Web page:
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formula to estimate hp increase with boost inctease?
Posted 15 November 2017 - 06:04 AM
Posted 17 November 2017 - 09:15 PM
Edited by wagons, 17 November 2017 - 09:16 PM.
Posted 17 November 2017 - 10:26 PM
There should be some old threads about tweaking the turbos on the forum.
The big problem is the stock turbo system regularly cracked heads, had barely adequate cooling.
Any power increase will trade away reliability further.
Posted 18 November 2017 - 04:56 PM
aha, so if we knew the power rating of an EA82 with 7.7:1 comp ratio , guess 77 HP, add 6 pounds boost we might just touch the 113 HP ?
I'm just trying to work out fuel needs and think I have it worked out - but to find a thread in any forum by search ?? ....phhhffft !
I ran 12 pounds boost for years no problems. The dodgy factory clock display was turfed for an indepenently powered Volt metre to monitor the knock circuit. Hardly evered needed activation with the 109 octane fuel - propane
The fuel dispensing gear has both CFM and HP ratings. The components that generally go hand in hand and work well in NA applications might need a rethink with turbo
The smaller convertor, the J or Cobra is rated at 5 to 100 HP which has done well, in fact at its sweet spot with EA81 with spfi inlet manifold or twin Hitachis and their manifold and tidy cams working with a 125 gas carby/mixer A standard 113 HP EA82T is just outside the small converters delivery, so I upped it to an L converter that is rated from 50 to 325HP.
The usual match to the larger L converter is a 200 or 225 mixer both rated very closely to each other in HP and CFM and at 12 psi boost, 6500 rpm on an EAs 1791 cc works out just covered
The smaller 100 , 125 series mixer/carbs rated at 123HP and 197 CFM, the HP delivery should be fine for std boost but falls short on CFM at 6500 rpm
12 psi boost at 6500 rpm needs 376 CFM which is close enough to the larger 200 series mxer/carbs
With the turbo under bost and in , say a bit of a hurry, I would get some weird bog or flat spot if I asked too much of it and at this stage no idea if it was boost or fuel issue. I thought it may have been double fuelling, but it may have been a lean bog. I need to get engine in and monitored when this happens.
Dyno shops have had their chances with me over the years so the HP figures for you just wont be happening anytime soon. Dynos seem to cloud peoples minds. Once had a dyno shop to work out speedo accuracy and they got it ronw according to the highway patrol. Another reported that my engine build pinged all the time on the dyno, blasted the invoice with COMPRESSION TOO HIGH FOR STREET USE across it I got it home gently to find they confused clearly marked timing numbers, stuffed up points dwell setting ..not their first stuff up, so you'd go back hey?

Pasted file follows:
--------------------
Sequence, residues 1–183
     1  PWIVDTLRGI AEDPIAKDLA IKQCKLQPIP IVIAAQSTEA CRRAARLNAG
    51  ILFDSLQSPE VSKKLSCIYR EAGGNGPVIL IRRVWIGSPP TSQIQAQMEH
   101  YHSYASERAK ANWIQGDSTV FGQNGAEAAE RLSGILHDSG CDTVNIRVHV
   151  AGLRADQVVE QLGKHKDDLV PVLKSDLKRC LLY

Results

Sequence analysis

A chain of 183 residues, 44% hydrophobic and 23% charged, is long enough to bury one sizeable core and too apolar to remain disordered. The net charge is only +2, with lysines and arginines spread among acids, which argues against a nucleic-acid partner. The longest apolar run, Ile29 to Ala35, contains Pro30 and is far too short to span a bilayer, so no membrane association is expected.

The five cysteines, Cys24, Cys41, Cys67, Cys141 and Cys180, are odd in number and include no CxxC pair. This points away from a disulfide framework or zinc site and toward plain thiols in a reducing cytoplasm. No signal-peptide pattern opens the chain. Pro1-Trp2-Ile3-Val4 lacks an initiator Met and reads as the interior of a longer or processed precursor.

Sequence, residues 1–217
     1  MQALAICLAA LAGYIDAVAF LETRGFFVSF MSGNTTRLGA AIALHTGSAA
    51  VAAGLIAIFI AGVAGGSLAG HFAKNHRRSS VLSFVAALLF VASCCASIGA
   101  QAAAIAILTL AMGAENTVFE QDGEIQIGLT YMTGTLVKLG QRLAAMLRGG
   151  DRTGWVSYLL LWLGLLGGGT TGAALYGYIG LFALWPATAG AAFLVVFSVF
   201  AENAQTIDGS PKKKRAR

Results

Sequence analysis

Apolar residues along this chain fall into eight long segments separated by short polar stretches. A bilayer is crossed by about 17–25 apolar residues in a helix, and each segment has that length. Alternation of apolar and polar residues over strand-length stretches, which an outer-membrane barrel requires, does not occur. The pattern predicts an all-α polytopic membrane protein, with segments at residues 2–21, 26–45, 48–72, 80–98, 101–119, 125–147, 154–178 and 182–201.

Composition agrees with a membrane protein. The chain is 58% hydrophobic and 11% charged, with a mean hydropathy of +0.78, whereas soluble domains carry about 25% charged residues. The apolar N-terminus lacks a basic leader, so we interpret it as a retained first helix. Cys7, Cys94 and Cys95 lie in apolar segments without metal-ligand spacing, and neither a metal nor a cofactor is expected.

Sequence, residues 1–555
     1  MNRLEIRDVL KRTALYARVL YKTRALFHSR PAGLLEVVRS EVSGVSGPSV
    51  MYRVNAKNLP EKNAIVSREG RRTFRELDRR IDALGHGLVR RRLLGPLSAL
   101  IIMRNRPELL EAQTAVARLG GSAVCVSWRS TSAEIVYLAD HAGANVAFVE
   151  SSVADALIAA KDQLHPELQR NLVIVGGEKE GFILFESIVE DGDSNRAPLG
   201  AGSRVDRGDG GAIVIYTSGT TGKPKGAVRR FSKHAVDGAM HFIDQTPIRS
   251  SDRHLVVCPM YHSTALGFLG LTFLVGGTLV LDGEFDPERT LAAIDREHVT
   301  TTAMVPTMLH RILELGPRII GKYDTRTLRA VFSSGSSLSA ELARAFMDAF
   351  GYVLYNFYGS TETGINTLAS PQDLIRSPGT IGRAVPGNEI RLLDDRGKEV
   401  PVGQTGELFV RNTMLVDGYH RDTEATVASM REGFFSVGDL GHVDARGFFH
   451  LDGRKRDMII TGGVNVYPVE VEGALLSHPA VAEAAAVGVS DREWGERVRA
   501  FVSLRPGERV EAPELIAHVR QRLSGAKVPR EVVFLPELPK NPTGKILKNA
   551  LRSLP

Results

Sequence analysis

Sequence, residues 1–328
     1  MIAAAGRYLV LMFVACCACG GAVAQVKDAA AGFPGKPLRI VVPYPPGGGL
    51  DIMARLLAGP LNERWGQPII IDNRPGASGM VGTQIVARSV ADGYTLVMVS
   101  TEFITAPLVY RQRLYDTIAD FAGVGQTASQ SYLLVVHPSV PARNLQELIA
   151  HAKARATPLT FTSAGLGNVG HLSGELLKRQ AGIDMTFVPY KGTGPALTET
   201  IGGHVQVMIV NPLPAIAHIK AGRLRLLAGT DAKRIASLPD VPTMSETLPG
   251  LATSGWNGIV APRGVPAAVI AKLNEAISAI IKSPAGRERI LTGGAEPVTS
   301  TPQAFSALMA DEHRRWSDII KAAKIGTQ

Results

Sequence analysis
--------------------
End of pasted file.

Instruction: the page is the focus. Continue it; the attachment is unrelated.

Then when I got to assist with a dyno run the tech could not get a proper reading for some reason, later worked out than when he asked me to take it up to 100 - he meant km, the old beast was in miles .. so here I was doing 100 mph on the dyno...so, I should have asked, and he should have checked with me ...so dyno does funny things to people
The 200 mixer is rated at 175 HP so not gonna hit that with 12 psi boost
Boost pressure sort of does not work with std gas ratings worked out for NA stuff either as the 200 is rated at 280 CFM falling short by about 100 CFM if you use NA figures, yet it worked fine up to about the 380 CFM mark boosted.
Think was at first to use two smaller gas carby/mixers ( 140 HP/224CFM each in NA terms) off the bigger L converter. 325HP
but now thinking the bigger mixer 200 could feed off two smaller converters
My tinkering is happening on the NA 8.9:1 EA82 twin port in prep for the EA82T
The gas mixer that was tuned on the turbo engine, slapped on NA gave perfect readings despite the comp ratio change and no hair dryer, so pretty impressed withold Impco technology. I do ahave a lean flat spot bog because the whole combo is a bit to big for the NA EA82. Considering Peel Instruments LBL for enrichment hence my question elsewhere if newer, EJ TPS fit and work on EA throttle bodies
Posted 18 November 2017 - 05:17 PM
It's relatively easy to calculate. You really don't need a dyno. You can derive a fairly accurate HP number from the grams per second airflow through the MAF. It's called a volumetric efficiency calculation. You know the crank HP of a stock EA82T - 115 HP. Take your stock peak MAF reading in g/sec and the RPM it crosses at and work backward using 115 to arrive at the VE. Then using the modified MAF peak and RPM cross and work forward again from those numbers to arrive at a fairly accurate crank HP figure for your modification. Give some consideration that the VE will likely increase some at higher levels of forced induction. VE beyond 100% is not unusual for turbocharged engines.
I did this exactly on my Trans Am and came up with a HP figure that was less than 1% off the factory rating of my engine (it tested at 190 compression across all cylinders). Then did this same calculation after changing to 1.6 rockers and calculated that I picked up 3.6 HP from the additional valve lift. Not a worthwhile upgrade on its own but I was doing valve stem seals and already had the Comp roller tip 1.6 rockers left over from another build. I did it partially just to do the VE calculations for fun.
Edited by GeneralDisorder, 18 November 2017 - 05:19 PM.
Posted 18 November 2017 - 08:05 PM
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